which are typical of meningioma, are distinctly absent. Many tumors harbor areas of paucicellularity,
giving the tumor a vague biphasic appearance. One of the most striking features of tumors classified as
HPC is the presence of an abundant and elaborate reticulin network that usually appeares as delicate
filaments wrapping around individual or small groups of cells. This feature can be demonstrated by a
special stain for reticulin as well as by immunohistochemical staining for Collagen type IV. The
immunohistochemical profile of HPC can partly overlap that of meningioma and heavily overlap that of SFT.
Typically, tumors recognized as HPC show negative staining with antibodies against EMA, S-100 protein and
GFAP, which is useful is excluding meningioma as well as schwannoma . Even though rare
cells in HPC may show EMA positivity, this is neither strong nor diffuse. Staining is often strong and
diffuse for antibodies against vimentin, Bcl-2, CD99, and Factor XIIIa. While the latter three may be
useful in distinguishing HPC from meningioma, they cannot segregate HPC from SFT. Other stains that may
show focal positivity in some HPCs include cytokeratin cocktail, desmin and Leu-7. Staining for CD34 is
markedly variable, although most HPCs demonstrate some positive-staining tumor cells in addition to
staining of the elaborate vascular network. Other tumors, on the other hand, may demonstrate diffuse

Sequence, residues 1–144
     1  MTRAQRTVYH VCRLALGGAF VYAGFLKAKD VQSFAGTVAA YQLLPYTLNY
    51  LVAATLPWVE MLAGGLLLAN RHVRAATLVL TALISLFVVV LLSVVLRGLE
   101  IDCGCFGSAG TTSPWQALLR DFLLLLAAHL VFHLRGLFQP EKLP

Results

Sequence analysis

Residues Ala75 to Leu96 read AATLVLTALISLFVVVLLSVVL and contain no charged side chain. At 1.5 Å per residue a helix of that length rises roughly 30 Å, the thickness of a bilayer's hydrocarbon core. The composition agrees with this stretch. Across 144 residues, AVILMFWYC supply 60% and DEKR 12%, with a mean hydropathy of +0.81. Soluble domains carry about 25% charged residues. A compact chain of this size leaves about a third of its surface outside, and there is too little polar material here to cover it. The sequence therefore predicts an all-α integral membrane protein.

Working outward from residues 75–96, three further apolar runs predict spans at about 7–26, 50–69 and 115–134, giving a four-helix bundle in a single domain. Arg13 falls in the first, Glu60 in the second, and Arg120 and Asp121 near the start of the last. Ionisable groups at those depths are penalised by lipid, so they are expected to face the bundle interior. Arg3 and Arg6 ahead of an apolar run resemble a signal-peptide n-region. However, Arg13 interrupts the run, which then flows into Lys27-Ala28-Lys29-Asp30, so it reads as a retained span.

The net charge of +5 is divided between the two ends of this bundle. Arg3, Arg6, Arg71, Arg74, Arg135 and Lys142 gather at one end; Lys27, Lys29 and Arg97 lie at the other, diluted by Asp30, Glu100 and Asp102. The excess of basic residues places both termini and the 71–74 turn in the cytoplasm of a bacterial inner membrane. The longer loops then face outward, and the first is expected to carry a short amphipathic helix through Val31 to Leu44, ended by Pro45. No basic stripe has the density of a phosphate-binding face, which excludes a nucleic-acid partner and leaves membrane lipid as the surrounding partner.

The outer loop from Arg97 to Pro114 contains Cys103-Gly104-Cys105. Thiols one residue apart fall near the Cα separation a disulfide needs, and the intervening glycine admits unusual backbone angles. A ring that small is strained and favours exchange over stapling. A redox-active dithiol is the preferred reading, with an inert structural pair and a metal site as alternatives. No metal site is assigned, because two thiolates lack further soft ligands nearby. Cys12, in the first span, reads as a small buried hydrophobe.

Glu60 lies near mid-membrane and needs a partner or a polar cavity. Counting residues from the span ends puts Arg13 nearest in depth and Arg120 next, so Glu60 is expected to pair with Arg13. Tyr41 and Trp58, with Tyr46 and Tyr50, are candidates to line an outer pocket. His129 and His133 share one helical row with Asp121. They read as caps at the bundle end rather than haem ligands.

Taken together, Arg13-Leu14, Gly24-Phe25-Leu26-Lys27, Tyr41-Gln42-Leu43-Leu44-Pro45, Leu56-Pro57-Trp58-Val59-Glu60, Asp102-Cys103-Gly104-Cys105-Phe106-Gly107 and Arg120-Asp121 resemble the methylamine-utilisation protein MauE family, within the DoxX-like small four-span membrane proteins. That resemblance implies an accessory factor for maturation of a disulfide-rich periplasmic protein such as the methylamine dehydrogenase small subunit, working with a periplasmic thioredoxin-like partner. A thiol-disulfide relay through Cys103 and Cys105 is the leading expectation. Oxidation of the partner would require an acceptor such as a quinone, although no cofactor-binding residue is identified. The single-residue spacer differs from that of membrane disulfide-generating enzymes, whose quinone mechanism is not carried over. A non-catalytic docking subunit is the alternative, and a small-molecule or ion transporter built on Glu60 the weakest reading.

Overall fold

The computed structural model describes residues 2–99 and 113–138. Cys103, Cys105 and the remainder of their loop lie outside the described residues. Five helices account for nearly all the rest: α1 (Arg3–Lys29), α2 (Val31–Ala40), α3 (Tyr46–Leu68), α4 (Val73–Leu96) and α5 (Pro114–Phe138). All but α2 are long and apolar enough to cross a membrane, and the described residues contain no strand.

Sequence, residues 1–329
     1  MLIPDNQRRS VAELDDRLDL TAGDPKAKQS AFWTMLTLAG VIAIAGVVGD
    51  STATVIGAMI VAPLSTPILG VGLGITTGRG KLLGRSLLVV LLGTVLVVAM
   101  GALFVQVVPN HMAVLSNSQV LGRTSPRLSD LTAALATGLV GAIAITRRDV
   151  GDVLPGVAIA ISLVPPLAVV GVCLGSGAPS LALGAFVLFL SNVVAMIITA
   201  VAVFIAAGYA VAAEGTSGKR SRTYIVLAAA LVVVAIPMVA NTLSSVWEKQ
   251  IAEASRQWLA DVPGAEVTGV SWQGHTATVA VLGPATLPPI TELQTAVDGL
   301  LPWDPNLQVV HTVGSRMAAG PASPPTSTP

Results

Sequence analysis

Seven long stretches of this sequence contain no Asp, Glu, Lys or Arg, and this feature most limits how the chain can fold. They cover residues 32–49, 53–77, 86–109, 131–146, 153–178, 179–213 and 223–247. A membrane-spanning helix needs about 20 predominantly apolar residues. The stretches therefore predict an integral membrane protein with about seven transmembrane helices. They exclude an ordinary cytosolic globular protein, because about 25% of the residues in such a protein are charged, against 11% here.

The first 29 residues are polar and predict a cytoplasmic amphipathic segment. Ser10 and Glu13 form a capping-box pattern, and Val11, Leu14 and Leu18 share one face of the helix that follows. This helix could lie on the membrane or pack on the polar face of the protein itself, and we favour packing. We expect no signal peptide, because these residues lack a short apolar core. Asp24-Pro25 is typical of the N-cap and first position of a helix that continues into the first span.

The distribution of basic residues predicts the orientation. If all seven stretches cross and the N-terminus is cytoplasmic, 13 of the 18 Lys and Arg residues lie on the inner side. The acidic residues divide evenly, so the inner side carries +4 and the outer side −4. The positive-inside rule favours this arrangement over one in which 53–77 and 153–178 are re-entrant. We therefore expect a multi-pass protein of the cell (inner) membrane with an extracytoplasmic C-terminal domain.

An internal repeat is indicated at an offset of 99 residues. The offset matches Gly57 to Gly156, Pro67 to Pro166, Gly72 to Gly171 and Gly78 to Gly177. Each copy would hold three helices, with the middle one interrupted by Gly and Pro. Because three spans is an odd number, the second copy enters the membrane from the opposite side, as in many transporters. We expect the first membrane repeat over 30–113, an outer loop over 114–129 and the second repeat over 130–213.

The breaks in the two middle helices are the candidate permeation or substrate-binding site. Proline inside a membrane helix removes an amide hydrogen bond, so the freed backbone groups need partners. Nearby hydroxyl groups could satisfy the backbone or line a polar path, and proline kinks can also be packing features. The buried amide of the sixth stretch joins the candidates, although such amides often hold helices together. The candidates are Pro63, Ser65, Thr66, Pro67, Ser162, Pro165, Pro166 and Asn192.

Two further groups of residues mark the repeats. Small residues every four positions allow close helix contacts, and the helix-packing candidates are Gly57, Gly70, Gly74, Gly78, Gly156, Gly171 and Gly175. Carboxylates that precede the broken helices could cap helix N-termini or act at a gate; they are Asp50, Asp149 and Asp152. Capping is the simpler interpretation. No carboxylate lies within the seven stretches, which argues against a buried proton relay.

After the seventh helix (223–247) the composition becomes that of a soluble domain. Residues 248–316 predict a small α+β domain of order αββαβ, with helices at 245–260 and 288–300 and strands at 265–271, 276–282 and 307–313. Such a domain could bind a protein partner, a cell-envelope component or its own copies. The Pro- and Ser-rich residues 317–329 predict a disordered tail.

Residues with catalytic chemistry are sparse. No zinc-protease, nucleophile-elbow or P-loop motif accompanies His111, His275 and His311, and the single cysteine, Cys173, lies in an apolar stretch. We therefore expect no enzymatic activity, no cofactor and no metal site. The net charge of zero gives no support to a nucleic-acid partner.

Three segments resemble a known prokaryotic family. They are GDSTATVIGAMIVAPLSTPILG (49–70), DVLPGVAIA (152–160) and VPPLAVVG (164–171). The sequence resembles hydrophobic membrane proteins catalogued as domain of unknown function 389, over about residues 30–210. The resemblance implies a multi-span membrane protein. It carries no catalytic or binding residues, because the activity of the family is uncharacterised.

strong staining in almost all of the tumor cells. In such cases, a diagnosis of SFT is favored by most
investigators, since the operational definition of SFT involves diffuse strong staining by this antibody.
The proliferation index as determined by MIB-1 antibody (Ki-67 antigen) has been studied for prognostic
value, but does not provide added information because of the considerable overlap between low- and
high-grade tumors . Ultrastructurally, basal lamina-like material, cytoplasmic processes,
cytoplasmic filaments, and poorly formed intercellular junctions are the most frequently noted features
of tumor cells in HPC, whether in the CNS or soft tissues 
Distinguishing HPC from SFT, and the validity of such a distinction, warrants additional
consideration. After the establishment of existence of the SFT in the CNS, the challenge of segregating
these two entities became more pronounced . While CD34 staining was the main staple for